A modern-day 'land grab' is how some landowners in the Far North have described proposed significant natural area (SNA) designations.
Andrew Kendall of Mitimiti says he isn't stopping until the proposal is overturned by the council and government.
“Claiming these areas as SNAs takes away a lot of our rights and our tikanga and what we've practised over many years to make decisions for our own whenua,” he said.
The Far North District Council has reclassified over a quarter million hectares of land as significant natural areas. Kendall says their presentations and concerns were met with some mutual commitments of resolve.
Kendall says the plans to restrict whenua Māori come at a “hefty price.”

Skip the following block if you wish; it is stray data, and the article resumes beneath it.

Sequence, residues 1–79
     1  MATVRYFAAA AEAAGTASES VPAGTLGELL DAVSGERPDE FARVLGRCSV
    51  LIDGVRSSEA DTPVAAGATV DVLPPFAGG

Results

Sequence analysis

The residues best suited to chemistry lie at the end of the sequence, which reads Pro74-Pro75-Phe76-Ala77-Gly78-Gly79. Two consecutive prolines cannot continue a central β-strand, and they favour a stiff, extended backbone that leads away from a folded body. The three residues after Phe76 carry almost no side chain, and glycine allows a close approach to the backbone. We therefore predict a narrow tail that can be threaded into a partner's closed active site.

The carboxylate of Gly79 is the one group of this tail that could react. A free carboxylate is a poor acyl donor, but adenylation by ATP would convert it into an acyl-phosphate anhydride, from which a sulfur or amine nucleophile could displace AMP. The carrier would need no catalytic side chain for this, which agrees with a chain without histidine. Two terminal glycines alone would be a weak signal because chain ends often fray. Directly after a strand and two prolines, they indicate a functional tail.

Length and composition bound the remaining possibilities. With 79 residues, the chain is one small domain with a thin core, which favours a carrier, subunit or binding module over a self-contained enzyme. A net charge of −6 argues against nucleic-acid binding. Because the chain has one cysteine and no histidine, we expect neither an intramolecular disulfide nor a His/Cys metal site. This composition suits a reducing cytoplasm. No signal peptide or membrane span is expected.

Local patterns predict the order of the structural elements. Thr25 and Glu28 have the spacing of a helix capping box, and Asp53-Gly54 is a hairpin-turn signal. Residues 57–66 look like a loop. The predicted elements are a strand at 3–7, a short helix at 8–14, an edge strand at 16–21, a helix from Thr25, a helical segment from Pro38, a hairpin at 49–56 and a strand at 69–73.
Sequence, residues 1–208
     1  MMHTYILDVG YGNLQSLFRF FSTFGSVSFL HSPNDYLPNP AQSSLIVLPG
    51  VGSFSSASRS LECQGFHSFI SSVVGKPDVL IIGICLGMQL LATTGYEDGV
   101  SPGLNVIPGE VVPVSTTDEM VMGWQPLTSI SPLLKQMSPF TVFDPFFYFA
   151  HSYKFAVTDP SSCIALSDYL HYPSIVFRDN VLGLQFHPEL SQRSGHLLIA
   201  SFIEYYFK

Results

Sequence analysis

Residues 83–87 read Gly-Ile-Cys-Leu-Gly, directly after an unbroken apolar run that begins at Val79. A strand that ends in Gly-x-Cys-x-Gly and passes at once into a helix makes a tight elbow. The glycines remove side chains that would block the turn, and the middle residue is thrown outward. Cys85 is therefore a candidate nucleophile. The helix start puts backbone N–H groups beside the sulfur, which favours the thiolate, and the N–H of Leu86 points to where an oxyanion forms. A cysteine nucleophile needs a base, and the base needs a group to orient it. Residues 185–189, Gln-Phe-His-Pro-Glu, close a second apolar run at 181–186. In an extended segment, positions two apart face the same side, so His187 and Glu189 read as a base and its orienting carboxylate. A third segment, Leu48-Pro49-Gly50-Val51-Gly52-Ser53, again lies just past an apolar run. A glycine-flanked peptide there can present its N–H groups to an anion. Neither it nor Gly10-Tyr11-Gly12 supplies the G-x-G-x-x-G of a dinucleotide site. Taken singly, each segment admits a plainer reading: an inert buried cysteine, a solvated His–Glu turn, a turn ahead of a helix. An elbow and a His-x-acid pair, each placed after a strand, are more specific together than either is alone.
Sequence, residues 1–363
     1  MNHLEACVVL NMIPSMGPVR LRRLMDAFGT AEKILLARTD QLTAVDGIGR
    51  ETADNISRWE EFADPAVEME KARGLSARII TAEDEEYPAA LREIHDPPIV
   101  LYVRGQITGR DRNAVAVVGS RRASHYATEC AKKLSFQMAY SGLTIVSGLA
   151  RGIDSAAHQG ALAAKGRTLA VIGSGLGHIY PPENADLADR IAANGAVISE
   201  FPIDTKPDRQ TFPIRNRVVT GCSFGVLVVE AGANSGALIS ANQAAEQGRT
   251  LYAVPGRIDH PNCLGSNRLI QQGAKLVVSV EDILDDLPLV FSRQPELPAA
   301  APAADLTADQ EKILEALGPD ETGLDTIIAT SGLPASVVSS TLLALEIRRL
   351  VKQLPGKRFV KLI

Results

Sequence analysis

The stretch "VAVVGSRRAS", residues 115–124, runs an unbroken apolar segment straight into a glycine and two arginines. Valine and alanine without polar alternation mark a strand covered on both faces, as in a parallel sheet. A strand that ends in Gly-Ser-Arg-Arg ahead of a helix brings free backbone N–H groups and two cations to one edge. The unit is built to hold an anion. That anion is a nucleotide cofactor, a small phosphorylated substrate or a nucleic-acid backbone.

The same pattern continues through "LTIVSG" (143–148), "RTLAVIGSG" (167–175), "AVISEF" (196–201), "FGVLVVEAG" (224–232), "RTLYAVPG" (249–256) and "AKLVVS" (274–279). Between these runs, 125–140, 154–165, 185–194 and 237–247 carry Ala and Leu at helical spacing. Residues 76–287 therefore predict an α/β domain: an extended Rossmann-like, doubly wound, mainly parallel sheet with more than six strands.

“The disproportionate effect on Māori is because our land is undeveloped, it is largely in scrub and it hasn't been cleared for farming purposes for a whole lot of reasons.
“Under the purpose of protecting flora and fauna, which we all buy into, those things have sat with our kaitiakitanga for generations,” Kendall said.
Environment Minister James Shaw is saying all will be revealed about SNAs in the government's policy statement for indigenous biodiversity. However, that isn't due until next month as it’s a work in progress.
“One of the drivers for the national policy statement was actually doing a better job with working with Iwi Māori to make sure that the areas under their protection will be better protected”
A hikoi in protest is scheduled to leave Te Rerenga Wairua tomorrow. First stop is to the Dame Whina Cooper's statue in Panguru, then on to the Far North District Council offices in Kaikohe. Hundreds are expected to turn out to the event.